When Martha Cheung asserts that translators dealing with historic materials might use her pushing-hands approach to “think of past and present in a relation of interdependence, with past events informing the present and present perspectives illuminating the past, the two alternately pushing and yielding” (ibid.: 161; this volume, p. 25), she might be directly addressing the realm of theater practice. Pushing-hands, as Cheung elegantly and efﬁ ciently explains it, draws on an advanced martial arts form in which cooperation, awareness, reaction, and a continuous interplay of opposites work to yield heightened attention and the ability to survive via embracing and using the power of one’s partner(s). Such cooperation and interplay describe exactly how actors are taught and encouraged to relate to one another in rehearsal and performance. They “play off” one another, balancing actions and reactions to text, objects, emotions, and character, individually and collectively. One might also say that an engaged audience “pushes hands” with the performers, if one accepts that audience presence affects actors’ performance in the moment. When a production’s source material (often a script) originated in any former era, Cheung’s notion of “past and present in a relation of interdependence” is palpable. Theater practitioners who use translated scripts from the past understand that they are engaged in a process of transporting other times into the present-a process in which negotiation is requisite. Indeed, their source materials are doubly rendered present: the scripts undergo traditional translation and the verbal translation undergoes performative realization via contemporary bodies and sensibilities.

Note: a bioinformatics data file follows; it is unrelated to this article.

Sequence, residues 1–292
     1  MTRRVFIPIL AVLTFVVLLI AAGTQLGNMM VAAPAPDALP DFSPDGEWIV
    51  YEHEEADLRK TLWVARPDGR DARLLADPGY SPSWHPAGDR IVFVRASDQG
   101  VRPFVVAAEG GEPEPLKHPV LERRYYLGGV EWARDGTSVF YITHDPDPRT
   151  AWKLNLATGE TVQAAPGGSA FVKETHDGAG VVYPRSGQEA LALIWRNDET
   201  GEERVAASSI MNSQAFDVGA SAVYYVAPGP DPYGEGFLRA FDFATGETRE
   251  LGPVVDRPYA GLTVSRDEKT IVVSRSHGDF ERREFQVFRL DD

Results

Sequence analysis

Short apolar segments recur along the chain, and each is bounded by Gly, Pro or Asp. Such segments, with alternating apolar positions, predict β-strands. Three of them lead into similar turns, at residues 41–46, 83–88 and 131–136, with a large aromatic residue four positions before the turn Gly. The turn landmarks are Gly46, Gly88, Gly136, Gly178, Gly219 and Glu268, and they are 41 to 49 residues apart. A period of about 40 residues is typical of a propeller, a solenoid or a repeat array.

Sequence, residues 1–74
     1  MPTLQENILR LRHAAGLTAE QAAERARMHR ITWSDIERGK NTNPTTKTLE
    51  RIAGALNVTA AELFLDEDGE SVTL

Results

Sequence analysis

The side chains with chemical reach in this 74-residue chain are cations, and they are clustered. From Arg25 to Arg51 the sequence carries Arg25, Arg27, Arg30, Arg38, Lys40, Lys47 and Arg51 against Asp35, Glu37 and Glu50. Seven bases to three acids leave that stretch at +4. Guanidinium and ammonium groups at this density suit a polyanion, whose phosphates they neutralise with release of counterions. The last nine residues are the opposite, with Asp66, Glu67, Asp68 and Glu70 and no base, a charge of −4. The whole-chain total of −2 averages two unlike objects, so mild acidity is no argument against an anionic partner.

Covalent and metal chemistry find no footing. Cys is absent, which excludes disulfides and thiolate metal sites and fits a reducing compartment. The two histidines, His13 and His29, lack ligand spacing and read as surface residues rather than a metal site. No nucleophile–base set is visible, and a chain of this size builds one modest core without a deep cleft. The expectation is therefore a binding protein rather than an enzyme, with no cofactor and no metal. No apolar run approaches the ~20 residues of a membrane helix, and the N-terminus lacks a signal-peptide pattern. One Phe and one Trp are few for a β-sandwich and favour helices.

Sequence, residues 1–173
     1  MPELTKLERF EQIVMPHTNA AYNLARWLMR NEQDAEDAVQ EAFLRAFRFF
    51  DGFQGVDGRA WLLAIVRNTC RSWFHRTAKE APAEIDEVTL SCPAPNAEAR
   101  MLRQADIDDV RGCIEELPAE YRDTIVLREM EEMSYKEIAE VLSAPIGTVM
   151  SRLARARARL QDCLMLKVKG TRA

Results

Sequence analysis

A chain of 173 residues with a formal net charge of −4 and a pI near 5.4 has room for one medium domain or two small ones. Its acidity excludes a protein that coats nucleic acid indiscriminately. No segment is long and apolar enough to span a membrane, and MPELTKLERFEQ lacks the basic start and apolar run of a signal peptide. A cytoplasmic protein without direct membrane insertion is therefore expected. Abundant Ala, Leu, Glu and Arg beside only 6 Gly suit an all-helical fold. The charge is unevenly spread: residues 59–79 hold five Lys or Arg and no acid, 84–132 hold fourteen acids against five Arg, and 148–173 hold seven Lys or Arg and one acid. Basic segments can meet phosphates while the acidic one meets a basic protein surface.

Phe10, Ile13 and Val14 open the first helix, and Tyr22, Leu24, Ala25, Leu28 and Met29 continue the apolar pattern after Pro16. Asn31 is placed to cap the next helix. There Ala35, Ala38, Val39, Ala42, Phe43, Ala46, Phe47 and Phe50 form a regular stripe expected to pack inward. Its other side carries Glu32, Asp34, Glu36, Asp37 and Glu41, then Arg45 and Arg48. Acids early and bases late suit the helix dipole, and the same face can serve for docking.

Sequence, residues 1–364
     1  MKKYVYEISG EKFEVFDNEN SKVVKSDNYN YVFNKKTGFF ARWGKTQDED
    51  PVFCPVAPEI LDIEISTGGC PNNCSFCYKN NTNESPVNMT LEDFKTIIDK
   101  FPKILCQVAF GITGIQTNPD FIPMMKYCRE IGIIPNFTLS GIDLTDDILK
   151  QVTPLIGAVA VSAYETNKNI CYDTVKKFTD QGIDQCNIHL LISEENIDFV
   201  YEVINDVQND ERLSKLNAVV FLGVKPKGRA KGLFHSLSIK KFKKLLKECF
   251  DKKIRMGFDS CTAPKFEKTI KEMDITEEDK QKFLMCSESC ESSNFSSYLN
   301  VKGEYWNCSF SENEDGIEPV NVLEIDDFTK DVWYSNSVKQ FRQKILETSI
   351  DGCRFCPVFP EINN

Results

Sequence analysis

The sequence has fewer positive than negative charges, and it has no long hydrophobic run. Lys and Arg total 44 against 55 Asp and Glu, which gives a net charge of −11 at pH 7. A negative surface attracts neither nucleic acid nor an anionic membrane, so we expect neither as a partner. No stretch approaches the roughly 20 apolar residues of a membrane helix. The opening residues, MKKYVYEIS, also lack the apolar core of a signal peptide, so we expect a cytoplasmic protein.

|Title of host publication||The Pushing-Hands of Translation and its Theory|
|Subtitle of host publication||In memoriam Martha Cheung, 1953-2013|
|Publisher||Taylor and Francis|
|Number of pages||14|
|State||Published - May 12 2016|